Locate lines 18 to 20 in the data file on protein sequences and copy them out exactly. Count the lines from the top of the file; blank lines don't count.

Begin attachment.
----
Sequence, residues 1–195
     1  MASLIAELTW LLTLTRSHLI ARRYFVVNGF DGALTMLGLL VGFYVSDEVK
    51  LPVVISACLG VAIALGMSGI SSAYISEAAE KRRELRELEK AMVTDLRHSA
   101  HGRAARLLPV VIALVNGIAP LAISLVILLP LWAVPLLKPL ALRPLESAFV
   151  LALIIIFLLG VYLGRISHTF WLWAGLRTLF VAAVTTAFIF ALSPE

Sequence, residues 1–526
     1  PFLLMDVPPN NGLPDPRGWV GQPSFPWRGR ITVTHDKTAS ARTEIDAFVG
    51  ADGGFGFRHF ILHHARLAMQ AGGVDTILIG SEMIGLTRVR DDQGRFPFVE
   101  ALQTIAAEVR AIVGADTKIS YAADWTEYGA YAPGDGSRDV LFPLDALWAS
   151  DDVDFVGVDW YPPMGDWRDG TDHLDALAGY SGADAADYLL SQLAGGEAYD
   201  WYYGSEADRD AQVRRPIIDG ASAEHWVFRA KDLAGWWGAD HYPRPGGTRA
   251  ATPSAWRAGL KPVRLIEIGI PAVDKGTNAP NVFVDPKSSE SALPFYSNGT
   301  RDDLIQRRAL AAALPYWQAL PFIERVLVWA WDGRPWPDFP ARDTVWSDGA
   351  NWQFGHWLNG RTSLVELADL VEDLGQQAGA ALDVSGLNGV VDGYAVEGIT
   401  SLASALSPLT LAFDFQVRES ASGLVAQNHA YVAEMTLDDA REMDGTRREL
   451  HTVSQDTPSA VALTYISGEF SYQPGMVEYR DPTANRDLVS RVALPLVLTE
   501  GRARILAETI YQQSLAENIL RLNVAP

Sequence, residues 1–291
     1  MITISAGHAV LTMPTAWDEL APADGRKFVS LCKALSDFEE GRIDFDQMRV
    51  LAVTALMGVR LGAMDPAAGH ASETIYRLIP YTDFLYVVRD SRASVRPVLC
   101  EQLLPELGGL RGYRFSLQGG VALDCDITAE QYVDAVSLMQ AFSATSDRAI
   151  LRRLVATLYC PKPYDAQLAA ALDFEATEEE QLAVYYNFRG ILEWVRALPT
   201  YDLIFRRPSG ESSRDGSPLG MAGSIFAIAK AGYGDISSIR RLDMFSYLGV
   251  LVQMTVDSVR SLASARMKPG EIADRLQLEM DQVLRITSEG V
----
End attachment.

Sequence, residues 1–291
     1  MITISAGHAV LTMPTAWDEL APADGRKFVS LCKALSDFEE GRIDFDQMRV
    51  LAVTALMGVR LGAMDPAAGH ASETIYRLIP YTDFLYVVRD SRASVRPVLC